Mamazou & Mammaprada
I was recently invited to write a guest post for the incredible Mamazou parenting website. If you have yet to discover Mamazou, check out our interview with the founder Jenny Raymond and the website itself here. Mamazou is a parenting website and forum which encourages judgement free parenting advice for all. It's a wonderful safe place to ask and read about all those things you didn't want to discuss with friends, family or just felt too silly talking about! I wish I'd had access to it when my bambini were small as it's a truely remarkable find!
I wrote about 'Cultural Importance' when raising little ones as it's something I'm passionate about! You can read below, or on Mamazou where you will also find some excellent articles by other parents navigating this crazy jungle!
How to educate your child to be open to all people and their culture is a tough one and for me ever more important given the world’s scary trajectory at the moment.
I grew up in a Midsummer Murders type English Berkshire village. When I moved to London over ten years ago I went straight into a job in a Canary Wharf tower. I worked on a trading floor with 300 other people.
Apart from having children this has probably been the most life changing and eye opening experience I’ve ever had.
The people I worked with were from every nation imaginable including my own. Some practised religions you may and may not have heard of and some believed in none. Some were very traditional about their dress and customs and some were modern, westernised and incredible metrosexuals more groomed than half of us ladies. They were not all men and mostly attitudes towards women were gallant.
My team, a long row of desks with men and women, became what we called our ‘aisle family’. You know that period you have in some jobs where you bond completely with a certain group of colleagues, no one joins or leaves the team for a year or two and the little group of you cement into this solid unit or family. I’ve had this two or three times in my life and it makes going in to work worthwhile because you just want to be with these brilliant human beings.
In my first ‘aisle family’ experience there were a few white British people, a few British second generation Indians, a Greek, an Arab who was incredibly tall, stocky and scary looking with enormous eyebrows, (the kindest and gentlest person I’ve ever met) and many others.
Because of this bond our differences became healthy topics of conversation and friendly banter not taboo areas of conversation to avoid.
Growing up children are mostly discouraged from asking questions about others. We are worried they will offend someone. We aren’t sure of the right response.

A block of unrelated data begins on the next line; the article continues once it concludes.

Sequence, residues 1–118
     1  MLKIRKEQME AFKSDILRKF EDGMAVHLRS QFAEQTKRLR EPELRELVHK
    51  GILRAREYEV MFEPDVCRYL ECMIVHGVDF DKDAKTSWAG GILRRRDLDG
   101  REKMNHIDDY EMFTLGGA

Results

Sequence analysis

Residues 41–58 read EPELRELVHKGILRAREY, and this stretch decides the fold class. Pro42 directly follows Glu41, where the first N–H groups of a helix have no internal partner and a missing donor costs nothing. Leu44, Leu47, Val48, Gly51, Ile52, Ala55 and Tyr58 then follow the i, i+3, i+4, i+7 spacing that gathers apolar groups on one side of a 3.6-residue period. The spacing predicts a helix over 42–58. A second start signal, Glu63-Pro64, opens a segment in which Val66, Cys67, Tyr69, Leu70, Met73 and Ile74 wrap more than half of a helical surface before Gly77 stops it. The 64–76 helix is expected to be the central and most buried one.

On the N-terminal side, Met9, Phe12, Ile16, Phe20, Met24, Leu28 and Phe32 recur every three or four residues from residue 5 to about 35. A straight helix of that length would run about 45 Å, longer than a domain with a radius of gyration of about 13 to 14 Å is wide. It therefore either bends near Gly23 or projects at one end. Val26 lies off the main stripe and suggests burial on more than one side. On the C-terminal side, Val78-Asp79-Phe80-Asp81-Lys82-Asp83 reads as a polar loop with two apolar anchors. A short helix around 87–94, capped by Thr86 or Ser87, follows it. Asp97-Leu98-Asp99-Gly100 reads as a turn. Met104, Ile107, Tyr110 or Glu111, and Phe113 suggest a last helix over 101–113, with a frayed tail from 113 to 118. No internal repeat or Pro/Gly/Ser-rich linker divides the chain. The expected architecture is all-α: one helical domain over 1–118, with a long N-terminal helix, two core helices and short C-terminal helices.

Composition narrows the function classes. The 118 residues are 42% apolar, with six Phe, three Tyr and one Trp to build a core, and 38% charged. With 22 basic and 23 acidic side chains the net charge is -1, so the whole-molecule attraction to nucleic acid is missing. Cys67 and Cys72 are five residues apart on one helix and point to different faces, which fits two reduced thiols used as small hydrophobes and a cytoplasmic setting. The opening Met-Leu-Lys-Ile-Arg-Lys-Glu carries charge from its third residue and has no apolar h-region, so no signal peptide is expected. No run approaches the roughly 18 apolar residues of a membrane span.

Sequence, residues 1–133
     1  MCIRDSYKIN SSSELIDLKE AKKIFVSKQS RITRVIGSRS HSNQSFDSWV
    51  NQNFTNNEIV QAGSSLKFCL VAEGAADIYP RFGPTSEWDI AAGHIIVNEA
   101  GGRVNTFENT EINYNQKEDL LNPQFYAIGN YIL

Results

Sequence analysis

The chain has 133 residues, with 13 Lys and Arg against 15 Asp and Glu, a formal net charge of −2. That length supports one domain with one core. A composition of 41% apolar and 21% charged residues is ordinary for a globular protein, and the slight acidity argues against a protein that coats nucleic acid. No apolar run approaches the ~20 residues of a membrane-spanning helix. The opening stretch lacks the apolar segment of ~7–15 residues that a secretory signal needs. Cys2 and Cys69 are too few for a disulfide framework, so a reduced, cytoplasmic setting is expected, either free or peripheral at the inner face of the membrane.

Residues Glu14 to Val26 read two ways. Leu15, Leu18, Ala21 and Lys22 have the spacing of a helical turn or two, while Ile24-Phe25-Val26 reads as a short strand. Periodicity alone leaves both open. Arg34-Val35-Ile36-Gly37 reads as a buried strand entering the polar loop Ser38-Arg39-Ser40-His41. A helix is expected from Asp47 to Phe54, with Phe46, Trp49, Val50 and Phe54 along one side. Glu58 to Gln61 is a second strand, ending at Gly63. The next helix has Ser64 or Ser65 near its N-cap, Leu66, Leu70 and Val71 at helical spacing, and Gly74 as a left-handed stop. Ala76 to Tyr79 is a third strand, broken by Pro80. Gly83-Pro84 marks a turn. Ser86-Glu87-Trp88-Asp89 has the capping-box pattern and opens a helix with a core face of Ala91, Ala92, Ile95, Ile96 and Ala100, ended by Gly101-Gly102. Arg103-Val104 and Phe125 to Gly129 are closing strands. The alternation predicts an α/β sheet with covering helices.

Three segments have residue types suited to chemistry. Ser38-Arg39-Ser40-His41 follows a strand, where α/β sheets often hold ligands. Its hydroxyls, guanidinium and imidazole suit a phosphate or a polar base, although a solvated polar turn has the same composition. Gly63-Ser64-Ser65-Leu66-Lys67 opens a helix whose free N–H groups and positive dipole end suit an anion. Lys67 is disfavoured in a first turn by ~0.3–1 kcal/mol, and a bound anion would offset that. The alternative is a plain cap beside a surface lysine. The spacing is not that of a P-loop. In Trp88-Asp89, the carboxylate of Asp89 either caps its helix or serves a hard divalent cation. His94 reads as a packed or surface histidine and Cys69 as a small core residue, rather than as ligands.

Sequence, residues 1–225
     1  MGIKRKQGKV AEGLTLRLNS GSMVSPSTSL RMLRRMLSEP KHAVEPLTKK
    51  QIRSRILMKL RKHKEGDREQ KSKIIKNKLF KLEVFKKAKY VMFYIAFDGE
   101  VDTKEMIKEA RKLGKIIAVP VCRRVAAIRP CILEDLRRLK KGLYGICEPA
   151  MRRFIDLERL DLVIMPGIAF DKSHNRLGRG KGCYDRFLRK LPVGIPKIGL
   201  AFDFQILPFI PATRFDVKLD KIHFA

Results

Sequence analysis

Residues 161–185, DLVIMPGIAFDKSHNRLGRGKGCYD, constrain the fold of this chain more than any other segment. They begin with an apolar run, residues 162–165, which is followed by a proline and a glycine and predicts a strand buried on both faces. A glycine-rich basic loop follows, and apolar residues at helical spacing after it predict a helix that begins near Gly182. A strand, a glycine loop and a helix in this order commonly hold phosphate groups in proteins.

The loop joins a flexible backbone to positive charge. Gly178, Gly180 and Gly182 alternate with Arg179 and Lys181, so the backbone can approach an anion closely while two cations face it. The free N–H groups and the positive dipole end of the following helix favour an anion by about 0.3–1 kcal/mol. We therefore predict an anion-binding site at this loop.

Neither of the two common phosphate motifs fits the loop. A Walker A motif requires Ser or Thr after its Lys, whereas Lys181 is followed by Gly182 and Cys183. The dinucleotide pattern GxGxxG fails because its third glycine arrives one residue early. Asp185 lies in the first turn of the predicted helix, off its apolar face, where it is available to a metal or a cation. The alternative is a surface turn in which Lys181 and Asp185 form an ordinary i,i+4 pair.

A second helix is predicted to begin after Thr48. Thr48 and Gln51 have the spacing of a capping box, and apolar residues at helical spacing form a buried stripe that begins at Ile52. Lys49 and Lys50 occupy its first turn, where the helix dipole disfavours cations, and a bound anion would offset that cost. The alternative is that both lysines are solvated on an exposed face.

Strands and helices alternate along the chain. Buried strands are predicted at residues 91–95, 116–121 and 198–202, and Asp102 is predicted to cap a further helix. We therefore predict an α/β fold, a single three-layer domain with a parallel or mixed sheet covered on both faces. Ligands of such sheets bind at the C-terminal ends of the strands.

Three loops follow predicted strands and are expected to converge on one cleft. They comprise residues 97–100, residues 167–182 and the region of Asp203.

In my aisle family we asked each other everything. Why do you celebrate this festival but not another. Why do some people wear a Turban? Why do you celebrate the first birthdays of babies the way English people celebrate their 21st? Do you all speak the same language at home and to your parents or your parents in law? Do you eat curry every night?! (The answer was no btw!)
I learnt about Chinese New Year, Thanksgiving and Indian wedding customs. I found out why my Arab colleague couldn’t kill the fly in his office (It’s considered a sin) and why my Indian colleague was carrying his gym kit in a plastic bag (he thought a rucksack made him look like a suicide bomber and he didn’t want to scare people). On a lighter note I found out Americans put marshmallows on top of mash potato! Crazy lot!
The more I understood about my colleagues’ reasons for their behaviour, traditions and customs the more fascinated I became by the world and the more I realised that despite these differences we are so very similar. We all want to give things in our lives meaning, whether through our religious beliefs, nostalgia from our upbringing, dates that we give special significance or simply the food we cook for our loved ones.
Fast forward to now when I’m raising my own children. My Son at 4 years old has many friends of many nationalities, beliefs and religions, including British and Italian ones. This is down to him and whom he has naturally gravitated towards.
So how do you educate about difference but without making an even bigger deal of it. At the moment I want my children to model good behaviour to everyone, everywhere because that’s just what involves being a decent person. I don’t want them to realise that quite significant adults are not modelling good behaviour when they should clearly know better. Although this is all a bit uncomfortable to deal with as parents, we do need to address it from an early age so they see difference as a positive thing and not something to be wary of.
I do not have the answers to this complex issue but what I’ve found by chance as we are a family of mixed culture, (English & Italian) is that one of the easiest ways of introducing and creating interest in others is through educating about food, language and geography.
I try always to use events such as Chinese New Year to cook a different food and make paper dragons. We talk about what languages are spoken and I get asked why I can’t speak Chinese! (Sorry I’m still trying to learn Daddy’s language!).
At Thanksgiving I cook turkey and pumpkin pie. We find cartoon YouTube videos for children that describe why Thanksgiving is important and we look on our map and find America.
At Christmas when my Son tells me his friend doesn’t celebrate Christmas I tell him to ask if he celebrates something else at another time of the year. Do they eat a certain food? What songs do they sing?
I want them to ask because if they do it sensitively it builds understanding, a bridge and not a wall. I don’t believe we have to fear what is different, in-fact if we understand it we can embrace it.
Lastly remember our children learn primarily from us, so talk to everyone at the pesky, cliquey school gates and your children will do too!